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Central African Republic just approved Bitcoin as an official currency. El Salvador’s experience shows it may be a bumpy ride

April 28, 2022, 11:56 AM UTC

The Central African Republic has become the second country in the world to approve Bitcoin as an official currency, following El Salvador’s bumpy rollout of the cryptocurrency last year.

Spokespeople for the country’s government confirmed that the move had been taken, the BBC, Reuters and Bloomberg reported on Thursday.

A spokesperson for Central African Republic President Faustin-Archange Touadéra told Reuters on Thursday that adopting Bitcoin would improve conditions for the country’s population.

The Central African Republic is one of the poorest countries in the world, despite being rich in both gold and diamonds, and the nation has been troubled by unrest for years, according to the UN.

Bitcoin was trading at $39,698 on Wednesday, according to CoinDesk—a far cry from its peak of more than $67,000 in November 2021.

Lessons from El Salvador

The Central African Republic is following in the footsteps of El Salvador by approving Bitcoin as legal tender.

El Salvador was the first country to adopt the cryptocurrency as an official currency when it made the move in September, with the government creating Bitcoin wallets for citizens called Chivo.

However, El Salvador’s decision to adopt Bitcoin—which is a notoriously volatile asset—has been dubbed a huge economic risk, with the policy failing to capture support among the country’s population.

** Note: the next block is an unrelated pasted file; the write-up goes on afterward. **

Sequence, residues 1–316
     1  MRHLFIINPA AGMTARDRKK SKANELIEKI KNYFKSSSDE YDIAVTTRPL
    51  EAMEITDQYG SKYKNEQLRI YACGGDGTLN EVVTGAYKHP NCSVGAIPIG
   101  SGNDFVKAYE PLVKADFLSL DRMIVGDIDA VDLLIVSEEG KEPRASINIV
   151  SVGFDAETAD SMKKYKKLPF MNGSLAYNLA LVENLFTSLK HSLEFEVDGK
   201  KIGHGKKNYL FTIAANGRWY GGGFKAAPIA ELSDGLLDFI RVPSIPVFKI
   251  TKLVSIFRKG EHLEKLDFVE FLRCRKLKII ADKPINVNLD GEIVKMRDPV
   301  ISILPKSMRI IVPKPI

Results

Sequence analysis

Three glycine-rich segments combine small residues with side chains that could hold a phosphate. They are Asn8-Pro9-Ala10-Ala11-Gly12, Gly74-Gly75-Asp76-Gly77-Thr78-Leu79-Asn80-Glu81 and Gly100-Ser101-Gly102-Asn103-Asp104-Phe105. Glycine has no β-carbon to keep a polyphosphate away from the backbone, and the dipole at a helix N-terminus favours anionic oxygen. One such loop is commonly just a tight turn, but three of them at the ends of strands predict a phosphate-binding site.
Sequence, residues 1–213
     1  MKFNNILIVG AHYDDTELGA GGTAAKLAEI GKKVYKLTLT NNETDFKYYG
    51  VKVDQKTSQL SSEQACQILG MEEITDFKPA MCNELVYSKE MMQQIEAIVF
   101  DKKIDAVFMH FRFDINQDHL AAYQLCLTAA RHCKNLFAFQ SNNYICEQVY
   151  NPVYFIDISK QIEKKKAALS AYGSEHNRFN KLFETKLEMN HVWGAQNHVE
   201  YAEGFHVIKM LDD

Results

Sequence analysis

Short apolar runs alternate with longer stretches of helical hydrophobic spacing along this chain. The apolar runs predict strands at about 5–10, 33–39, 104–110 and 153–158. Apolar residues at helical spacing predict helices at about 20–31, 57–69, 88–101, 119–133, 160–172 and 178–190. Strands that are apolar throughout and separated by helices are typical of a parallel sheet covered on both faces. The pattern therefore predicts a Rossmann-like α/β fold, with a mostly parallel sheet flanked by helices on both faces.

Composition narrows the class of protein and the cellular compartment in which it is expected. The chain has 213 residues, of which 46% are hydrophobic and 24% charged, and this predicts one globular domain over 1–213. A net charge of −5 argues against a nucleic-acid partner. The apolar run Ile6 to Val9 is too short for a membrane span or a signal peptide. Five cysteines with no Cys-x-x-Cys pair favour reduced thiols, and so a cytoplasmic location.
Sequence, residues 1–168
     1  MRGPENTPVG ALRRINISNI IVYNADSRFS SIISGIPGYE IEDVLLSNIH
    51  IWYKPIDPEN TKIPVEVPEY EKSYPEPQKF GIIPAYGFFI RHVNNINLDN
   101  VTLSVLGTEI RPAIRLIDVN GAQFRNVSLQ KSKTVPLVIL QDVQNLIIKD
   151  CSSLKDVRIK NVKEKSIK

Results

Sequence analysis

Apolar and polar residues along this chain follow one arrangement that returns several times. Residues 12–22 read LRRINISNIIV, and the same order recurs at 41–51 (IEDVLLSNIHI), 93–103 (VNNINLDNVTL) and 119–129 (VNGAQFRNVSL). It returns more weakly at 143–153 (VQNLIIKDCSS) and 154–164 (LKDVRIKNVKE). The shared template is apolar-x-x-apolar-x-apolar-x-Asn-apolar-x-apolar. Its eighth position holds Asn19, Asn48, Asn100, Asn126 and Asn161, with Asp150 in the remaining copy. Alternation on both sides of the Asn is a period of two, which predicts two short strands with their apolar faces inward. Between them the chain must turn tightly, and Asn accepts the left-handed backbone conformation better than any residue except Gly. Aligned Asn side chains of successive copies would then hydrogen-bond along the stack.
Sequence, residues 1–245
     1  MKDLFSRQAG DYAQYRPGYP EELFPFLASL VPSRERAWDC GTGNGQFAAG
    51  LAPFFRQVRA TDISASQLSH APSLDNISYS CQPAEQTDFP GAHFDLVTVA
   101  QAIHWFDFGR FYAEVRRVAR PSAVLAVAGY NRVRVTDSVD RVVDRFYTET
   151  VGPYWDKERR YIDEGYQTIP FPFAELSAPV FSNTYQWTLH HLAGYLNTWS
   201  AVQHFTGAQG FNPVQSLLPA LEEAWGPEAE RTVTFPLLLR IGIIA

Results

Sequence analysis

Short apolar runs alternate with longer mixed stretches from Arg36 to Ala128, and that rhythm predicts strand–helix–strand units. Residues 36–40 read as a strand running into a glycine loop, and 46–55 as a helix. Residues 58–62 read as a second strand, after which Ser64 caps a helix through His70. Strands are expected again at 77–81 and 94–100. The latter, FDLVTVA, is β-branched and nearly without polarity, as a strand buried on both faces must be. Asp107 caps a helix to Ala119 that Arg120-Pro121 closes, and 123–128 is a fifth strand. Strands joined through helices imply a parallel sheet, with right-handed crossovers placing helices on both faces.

In January, the International Monetary Fund urged the government of El Salvador to remove Bitcoin’s legal tender status, which the organization said “entails large risks for financial and market integrity, financial stability, and consumer protection.”

But El Salvador pushed back against the IMF’s recommendation. Finance Minister Alejandro Zelaya later told a local broadcaster that the use of Bitcoin was a matter of sovereignty, and that “no international organization is going to make us do anything at all,” according to the Associated Press.

Despite its official defiance, the rollout in El Salvador has been anything but smooth over the past few months.

Soon after Bitcoin’s adoption, a survey by the El Salvador Chamber of Commerce found that over 80% of people didn’t want remittances in Bitcoin—perhaps because of astronomically high ATM fees on converting Bitcoin to U.S. dollars—and over nine in 10 rejected the idea of taking their salaries in digital coins.

In March, El Salvador President Nayib Bukele’s initiative to roll out a “volcano bond”—named for a plan to spend half the bond’s proceeds on a new “Bitcoin city” at the foot of El Salvador’s Conchagua volcano—was met with investor skepticism.

This week, a new report from the U.S. National Bureau of Economic Research found that just 20% of adult citizens in El Salvador were using the Chivo Wallet app. It also found that after spending a preloaded $30 bonus, more than 60% of Salvadorans stopped using Chivo.

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